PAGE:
Train derails in Ohio, spills toxic chemicals

Zoe Sissac, Opinion Editor

Almost three weeks ago, a Norfolk Southern freight train derailed in East Palestine, Ohio. The freight train, which was traveling from Illinois to Pennsylvania, carried 150 carloads of toxic chemicals, according to CNN. Of the 38 damaged cars, five contained 115,000 gallons of vinyl chloride, which the EPA classifies as a cancer-causing agent. 

The damage to the five train cars indicated that this colorless, highly flammable gas spilled into the atmosphere. 

Vinyl chloride is typically used to create PVC pipes, electrical wires and even dishware. 

Vinyl chloride was not the only gas released in the Feb. 3 crash, but the toxicity of this chemical captured the attention of authorities. Immediately after the derailment, first responders, along with the EPA and Occupational Safety and Health Administration (OSHA) worked to contain the released chemicals. 

Kevin Baer, a ULM professor in environmental toxicology, studied the effects gases like vinyl chloride have on the environment. His research includes assessing environmental contaminants in bodies of water. 

“Most vinyl chloride that is spilled in soil or surface water, like lakes, ponds and rivers evaporates into the air quickly,” Baer said. “However, people who live near or work in factories that use and produce vinyl chloride have the most exposure.”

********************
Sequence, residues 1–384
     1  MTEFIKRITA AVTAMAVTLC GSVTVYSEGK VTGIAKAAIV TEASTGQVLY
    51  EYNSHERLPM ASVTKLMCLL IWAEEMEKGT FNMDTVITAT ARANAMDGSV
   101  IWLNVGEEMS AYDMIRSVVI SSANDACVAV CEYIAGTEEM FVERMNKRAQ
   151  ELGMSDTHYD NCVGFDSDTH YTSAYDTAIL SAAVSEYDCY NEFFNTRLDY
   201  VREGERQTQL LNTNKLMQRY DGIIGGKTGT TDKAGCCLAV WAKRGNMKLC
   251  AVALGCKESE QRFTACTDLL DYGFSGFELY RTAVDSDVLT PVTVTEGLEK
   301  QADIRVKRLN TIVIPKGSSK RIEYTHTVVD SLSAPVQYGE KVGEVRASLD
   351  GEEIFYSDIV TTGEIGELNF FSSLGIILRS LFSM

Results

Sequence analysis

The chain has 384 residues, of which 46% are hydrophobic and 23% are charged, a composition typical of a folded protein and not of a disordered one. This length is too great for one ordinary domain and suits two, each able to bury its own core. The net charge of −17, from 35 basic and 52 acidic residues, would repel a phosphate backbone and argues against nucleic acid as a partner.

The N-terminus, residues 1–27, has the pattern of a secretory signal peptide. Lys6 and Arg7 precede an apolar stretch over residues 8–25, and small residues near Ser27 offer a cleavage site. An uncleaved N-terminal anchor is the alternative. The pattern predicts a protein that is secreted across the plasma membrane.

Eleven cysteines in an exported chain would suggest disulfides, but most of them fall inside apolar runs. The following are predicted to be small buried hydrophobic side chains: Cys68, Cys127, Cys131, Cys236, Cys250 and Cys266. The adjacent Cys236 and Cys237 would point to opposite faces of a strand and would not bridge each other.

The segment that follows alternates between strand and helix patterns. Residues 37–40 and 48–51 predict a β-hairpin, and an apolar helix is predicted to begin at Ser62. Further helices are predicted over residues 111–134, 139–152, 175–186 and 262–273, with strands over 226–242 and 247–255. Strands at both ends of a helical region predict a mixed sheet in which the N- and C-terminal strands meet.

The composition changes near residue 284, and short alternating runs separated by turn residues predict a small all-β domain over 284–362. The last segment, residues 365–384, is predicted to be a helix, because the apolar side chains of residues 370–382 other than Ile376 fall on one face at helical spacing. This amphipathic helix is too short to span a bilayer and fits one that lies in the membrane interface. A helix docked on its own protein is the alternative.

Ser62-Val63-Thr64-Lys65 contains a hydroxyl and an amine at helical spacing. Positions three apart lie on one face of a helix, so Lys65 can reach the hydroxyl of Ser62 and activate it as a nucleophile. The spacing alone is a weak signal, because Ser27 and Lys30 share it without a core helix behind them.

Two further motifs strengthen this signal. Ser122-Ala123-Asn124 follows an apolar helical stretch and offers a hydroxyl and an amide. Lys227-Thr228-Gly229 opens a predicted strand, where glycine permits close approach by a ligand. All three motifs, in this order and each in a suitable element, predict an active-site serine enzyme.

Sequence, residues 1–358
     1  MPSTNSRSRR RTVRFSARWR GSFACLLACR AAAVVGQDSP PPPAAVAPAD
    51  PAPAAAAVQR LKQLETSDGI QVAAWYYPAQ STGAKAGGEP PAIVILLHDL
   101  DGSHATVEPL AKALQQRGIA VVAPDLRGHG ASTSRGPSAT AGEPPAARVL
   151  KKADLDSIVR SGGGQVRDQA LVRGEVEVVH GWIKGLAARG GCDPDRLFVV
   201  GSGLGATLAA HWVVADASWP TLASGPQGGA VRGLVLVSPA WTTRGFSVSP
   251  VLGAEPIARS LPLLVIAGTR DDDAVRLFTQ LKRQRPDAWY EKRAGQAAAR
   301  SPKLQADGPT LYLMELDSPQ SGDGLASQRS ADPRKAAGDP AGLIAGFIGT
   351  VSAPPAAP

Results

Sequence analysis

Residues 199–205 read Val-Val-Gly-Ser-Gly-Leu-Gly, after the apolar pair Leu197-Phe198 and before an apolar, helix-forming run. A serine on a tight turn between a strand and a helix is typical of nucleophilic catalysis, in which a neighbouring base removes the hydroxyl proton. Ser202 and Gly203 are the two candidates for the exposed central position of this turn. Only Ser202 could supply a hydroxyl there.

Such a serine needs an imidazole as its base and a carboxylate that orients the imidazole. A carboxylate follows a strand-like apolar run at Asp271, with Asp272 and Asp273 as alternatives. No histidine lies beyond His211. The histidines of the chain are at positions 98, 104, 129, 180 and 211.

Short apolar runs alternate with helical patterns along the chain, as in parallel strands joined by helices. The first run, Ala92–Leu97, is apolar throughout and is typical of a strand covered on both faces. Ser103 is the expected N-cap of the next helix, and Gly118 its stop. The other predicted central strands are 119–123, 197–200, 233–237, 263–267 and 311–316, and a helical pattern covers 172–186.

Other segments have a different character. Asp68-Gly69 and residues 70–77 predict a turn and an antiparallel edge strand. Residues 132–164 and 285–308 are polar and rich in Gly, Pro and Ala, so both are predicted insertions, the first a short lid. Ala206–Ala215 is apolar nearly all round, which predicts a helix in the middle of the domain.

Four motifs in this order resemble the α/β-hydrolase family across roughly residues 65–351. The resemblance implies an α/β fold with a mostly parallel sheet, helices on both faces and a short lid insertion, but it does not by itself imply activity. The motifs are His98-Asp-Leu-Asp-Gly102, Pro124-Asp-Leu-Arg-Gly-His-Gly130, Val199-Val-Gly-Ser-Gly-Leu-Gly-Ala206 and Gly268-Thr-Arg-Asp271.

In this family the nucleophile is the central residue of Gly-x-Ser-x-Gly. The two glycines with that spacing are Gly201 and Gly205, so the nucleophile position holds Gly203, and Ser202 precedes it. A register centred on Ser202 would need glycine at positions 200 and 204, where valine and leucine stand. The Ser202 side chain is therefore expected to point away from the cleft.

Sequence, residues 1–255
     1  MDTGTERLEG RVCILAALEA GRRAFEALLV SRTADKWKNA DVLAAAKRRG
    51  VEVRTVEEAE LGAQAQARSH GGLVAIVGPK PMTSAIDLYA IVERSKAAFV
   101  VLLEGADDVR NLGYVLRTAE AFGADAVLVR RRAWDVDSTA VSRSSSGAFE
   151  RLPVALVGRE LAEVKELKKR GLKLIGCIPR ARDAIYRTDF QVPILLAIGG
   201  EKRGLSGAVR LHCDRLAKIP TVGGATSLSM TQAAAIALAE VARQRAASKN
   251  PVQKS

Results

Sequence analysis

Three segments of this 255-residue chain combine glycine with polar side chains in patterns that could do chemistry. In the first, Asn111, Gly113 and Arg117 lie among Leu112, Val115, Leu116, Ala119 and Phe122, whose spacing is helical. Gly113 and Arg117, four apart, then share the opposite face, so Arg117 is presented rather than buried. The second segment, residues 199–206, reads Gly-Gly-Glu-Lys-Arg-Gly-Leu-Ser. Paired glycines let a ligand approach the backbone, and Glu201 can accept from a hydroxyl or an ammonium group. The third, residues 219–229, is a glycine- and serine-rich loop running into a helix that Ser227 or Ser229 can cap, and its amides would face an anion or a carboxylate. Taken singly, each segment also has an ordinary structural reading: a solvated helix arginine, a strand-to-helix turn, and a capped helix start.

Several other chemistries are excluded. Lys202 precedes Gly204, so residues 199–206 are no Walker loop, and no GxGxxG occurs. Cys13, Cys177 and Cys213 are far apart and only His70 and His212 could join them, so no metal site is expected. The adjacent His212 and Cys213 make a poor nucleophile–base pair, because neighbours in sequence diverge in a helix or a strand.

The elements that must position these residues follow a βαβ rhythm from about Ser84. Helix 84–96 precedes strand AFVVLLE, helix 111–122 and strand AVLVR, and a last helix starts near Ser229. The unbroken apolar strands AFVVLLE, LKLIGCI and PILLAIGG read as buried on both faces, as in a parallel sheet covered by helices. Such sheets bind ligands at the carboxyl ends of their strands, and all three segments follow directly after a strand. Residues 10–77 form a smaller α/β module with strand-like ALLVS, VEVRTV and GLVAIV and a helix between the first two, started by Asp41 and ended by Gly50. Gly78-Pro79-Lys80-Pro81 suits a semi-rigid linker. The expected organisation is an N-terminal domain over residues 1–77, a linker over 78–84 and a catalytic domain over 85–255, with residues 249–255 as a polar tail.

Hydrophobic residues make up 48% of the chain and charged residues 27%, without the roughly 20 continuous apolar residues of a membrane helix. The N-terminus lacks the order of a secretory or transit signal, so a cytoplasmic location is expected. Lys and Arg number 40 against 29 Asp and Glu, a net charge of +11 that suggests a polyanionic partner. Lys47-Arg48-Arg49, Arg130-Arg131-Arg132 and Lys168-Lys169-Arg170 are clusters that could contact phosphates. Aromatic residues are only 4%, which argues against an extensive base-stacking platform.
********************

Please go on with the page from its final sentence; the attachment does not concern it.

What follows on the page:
Emergency responders evacuated the surrounding residences of East Palestine, forcing hundreds of residents to flee their homes. Even now, some residents still have not returned to East Palestine due to concerns about environmental contamination. 

“Nobody here knows what the effects of this are going to be 10 or 20 years from now. How are our grandkids going to be affected? What kind of birth defects are going to happen?” Larry Berdine, a resident of East Palestine, said. 

Residents are already experiencing side effects of the chemicals released in the derailment, according to NBC. Physicians in the area have seen an influx of patients coping with side effects like chemical bronchitis and dizziness. 

Wildlife in the area has also been affected since the toxic chemicals have materialized in local streams and rivers. Officials estimated that the toxic chemicals poisoned over 43,000 fish and animals.